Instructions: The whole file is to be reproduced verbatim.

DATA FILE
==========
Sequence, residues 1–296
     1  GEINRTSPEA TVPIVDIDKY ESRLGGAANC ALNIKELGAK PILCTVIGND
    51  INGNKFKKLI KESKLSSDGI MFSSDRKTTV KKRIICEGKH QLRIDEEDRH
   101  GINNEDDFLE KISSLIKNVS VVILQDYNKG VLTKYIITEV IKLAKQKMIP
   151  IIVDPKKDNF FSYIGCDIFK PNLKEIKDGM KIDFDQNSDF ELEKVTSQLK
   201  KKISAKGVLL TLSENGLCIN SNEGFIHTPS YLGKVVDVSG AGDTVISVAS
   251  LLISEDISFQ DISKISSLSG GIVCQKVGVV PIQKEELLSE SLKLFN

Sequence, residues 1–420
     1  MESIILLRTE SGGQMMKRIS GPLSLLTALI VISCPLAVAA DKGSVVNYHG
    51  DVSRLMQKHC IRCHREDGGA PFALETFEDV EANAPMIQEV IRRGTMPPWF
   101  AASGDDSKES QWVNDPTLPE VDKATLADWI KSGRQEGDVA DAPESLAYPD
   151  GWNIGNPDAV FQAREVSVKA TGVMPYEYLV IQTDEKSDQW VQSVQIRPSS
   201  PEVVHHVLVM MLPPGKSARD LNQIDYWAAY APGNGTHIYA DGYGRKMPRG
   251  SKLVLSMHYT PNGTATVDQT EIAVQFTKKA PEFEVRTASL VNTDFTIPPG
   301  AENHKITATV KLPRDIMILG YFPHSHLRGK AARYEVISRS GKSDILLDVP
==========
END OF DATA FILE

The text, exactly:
Sequence, residues 1–296
     1  GEINRTSPEA TVPIVDIDKY ESRLGGAANC ALNIKELGAK PILCTVIGND
    51  INGNKFKKLI KESKLSSDGI MFSSDRKTTV KKRIICEGKH QLRIDEEDRH
   101  GINNEDDFLE KISSLIKNVS VVILQDYNKG VLTKYIITEV IKLAKQKMIP
   151  IIVDPKKDNF FSYIGCDIFK PNLKEIKDGM KIDFDQNSDF ELEKVTSQLK
   201  KKISAKGVLL TLSENGLCIN SNEGFIHTPS YLGKVVDVSG AGDTVISVAS
   251  LLISEDISFQ DISKISSLSG GIVCQKVGVV PIQKEELLSE SLKLFN

Sequence, residues 1–420
     1  MESIILLRTE SGGQMMKRIS GPLSLLTALI VISCPLAVAA DKGSVVNYHG
    51  DVSRLMQKHC IRCHREDGGA PFALETFEDV EANAPMIQEV IRRGTMPPWF
   101  AASGDDSKES QWVNDPTLPE VDKATLADWI KSGRQEGDVA DAPESLAYPD
   151  GWNIGNPDAV FQAREVSVKA TGVMPYEYLV IQTDEKSDQW VQSVQIRPSS
   201  PEVVHHVLVM MLPPGKSARD LNQIDYWAAY APGNGTHIYA DGYGRKMPRG
   251  SKLVLSMHYT PNGTATVDQT EIAVQFTKKA PEFEVRTASL VNTDFTIPPG
   301  AENHKITATV KLPRDIMILG YFPHSHLRGK AARYEVISRS GKSDILLDVP